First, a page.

Outside its snowing, the thick flakes falling steadily from the sky, coating the ground and the trees. I tried to write about snow tonight, about it beauty and soft graduate. Yet my mind is elsewhere. I haven’t been north in a few months now. My mind is pulling me there, subconsciously telling me I need to go home.
I find myself thinking about Ammonoosuc Falls In Carroll NH. It is a popular place to swim for tourists, situated just before the Cog Railway. But the river is mighty, and few respect this. Hardly a summer goes by without a drowning. Just this summer a man jumped from a ledge while swimming and was taken downstream. Its isn’t a place where you get second changes.
Early this summer, harsh rains came to New Hampshire. With them many rivers swelled. It turned calm tiny mountain tributaries into roaring monsters. The following day, I was up north with my sister and my mother, when we decided to stop at the falls to see how high the water was.
I have never seen such fury. Thousands of gallons of water tumbled downstream, creating a thundering roar. The entire river had been engulfed. The water battered itself against the strong rocks and banks. Curtains of spray flew up and even high above the river bed, rocks were wet and slippery. As we made out way closer to the edge, we had to choose our steps carefully. It had been engrained in us at a young age that one slip up could be fatal here.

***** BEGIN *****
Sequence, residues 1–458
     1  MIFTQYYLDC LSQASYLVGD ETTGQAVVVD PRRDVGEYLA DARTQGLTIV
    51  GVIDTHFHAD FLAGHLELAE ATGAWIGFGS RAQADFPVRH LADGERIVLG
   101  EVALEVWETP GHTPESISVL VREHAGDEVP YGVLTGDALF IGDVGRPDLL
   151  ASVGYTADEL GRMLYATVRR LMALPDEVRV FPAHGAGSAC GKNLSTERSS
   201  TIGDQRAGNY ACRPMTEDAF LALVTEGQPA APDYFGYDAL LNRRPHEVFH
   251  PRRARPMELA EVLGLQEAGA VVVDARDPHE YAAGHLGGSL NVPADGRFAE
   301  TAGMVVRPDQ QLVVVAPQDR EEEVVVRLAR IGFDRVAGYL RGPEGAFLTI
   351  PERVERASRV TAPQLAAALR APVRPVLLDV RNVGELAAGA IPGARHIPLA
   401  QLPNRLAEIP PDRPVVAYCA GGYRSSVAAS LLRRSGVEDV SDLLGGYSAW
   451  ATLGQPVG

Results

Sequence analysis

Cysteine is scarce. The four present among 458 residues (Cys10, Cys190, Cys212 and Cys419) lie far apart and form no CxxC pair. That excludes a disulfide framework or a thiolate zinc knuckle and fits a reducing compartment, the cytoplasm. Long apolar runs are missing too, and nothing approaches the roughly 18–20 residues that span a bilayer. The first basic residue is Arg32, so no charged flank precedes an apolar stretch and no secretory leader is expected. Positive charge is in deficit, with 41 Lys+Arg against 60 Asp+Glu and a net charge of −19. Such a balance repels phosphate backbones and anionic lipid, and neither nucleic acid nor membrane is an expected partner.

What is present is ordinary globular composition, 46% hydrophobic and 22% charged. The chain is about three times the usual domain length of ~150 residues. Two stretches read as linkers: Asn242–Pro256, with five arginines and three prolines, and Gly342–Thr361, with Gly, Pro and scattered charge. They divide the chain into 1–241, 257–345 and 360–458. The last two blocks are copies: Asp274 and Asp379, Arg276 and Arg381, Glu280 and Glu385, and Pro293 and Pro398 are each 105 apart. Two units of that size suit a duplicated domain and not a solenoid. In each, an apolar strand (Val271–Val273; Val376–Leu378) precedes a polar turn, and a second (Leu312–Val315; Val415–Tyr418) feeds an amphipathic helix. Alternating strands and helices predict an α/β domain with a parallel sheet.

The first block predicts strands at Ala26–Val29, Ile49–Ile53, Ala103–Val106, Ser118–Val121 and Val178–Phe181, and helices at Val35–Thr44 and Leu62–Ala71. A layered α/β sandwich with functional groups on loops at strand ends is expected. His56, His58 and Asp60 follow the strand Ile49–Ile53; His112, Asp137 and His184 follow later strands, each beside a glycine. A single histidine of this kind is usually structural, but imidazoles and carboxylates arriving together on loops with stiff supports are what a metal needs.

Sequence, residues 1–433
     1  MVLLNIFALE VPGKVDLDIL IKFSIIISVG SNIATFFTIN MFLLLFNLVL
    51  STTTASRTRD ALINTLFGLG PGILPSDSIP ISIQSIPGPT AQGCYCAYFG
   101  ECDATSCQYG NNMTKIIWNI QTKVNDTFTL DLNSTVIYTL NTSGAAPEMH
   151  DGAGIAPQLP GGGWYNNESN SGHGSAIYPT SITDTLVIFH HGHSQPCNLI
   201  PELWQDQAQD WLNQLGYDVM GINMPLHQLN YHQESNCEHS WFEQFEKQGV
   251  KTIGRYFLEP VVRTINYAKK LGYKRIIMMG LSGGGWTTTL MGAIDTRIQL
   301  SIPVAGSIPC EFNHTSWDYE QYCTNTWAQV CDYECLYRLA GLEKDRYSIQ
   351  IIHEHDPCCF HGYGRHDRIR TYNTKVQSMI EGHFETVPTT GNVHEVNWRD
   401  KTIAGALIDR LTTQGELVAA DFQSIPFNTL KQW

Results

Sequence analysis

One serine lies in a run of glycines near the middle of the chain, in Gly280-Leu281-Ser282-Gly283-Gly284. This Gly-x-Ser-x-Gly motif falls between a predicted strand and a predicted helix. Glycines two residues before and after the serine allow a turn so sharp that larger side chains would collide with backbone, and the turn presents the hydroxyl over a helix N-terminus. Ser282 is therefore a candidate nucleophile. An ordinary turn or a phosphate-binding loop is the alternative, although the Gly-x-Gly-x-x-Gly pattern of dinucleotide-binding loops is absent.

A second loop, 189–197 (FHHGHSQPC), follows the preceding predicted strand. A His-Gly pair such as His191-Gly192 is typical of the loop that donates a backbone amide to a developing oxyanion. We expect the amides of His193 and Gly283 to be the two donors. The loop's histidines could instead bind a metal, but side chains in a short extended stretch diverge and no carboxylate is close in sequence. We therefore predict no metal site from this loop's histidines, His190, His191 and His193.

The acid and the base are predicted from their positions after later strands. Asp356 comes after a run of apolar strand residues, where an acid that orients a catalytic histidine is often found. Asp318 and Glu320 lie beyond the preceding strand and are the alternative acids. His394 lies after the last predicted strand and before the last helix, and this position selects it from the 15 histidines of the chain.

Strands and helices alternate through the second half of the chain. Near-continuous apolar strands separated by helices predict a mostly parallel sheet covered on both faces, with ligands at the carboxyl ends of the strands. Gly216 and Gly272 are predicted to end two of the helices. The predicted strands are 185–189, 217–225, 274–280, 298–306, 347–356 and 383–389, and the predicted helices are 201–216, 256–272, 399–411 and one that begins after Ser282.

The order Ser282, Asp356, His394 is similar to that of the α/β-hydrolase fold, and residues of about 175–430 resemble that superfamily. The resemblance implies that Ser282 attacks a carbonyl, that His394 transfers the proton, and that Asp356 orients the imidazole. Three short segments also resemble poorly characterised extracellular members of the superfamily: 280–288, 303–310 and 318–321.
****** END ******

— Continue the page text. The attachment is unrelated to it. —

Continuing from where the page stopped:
Yet there was a part of us that was curious. We drew closer than we should have. Had our father been there his sharp voice would have called us back from the void. Yet Sarah and I drew closer, pulled in by the rivers power. We lingered staring at the water as it rushed by violently. Admiring nature and its unbridged power. Standing there I could feel the shaking of the ground. The air rushing up, and the thundering. The water barreled by us. It churned by at a dizzying a mournful color of yellow and brown, from all of the river bed it had torn up.
I have been a student of history my entire life. I read about the flood that inundated Crawford Notch, and that brought the Mountain down that killed the Willey Family. But standing in the edge of those rocks gave me a new appreciation for the rivers power and why we need to respect it.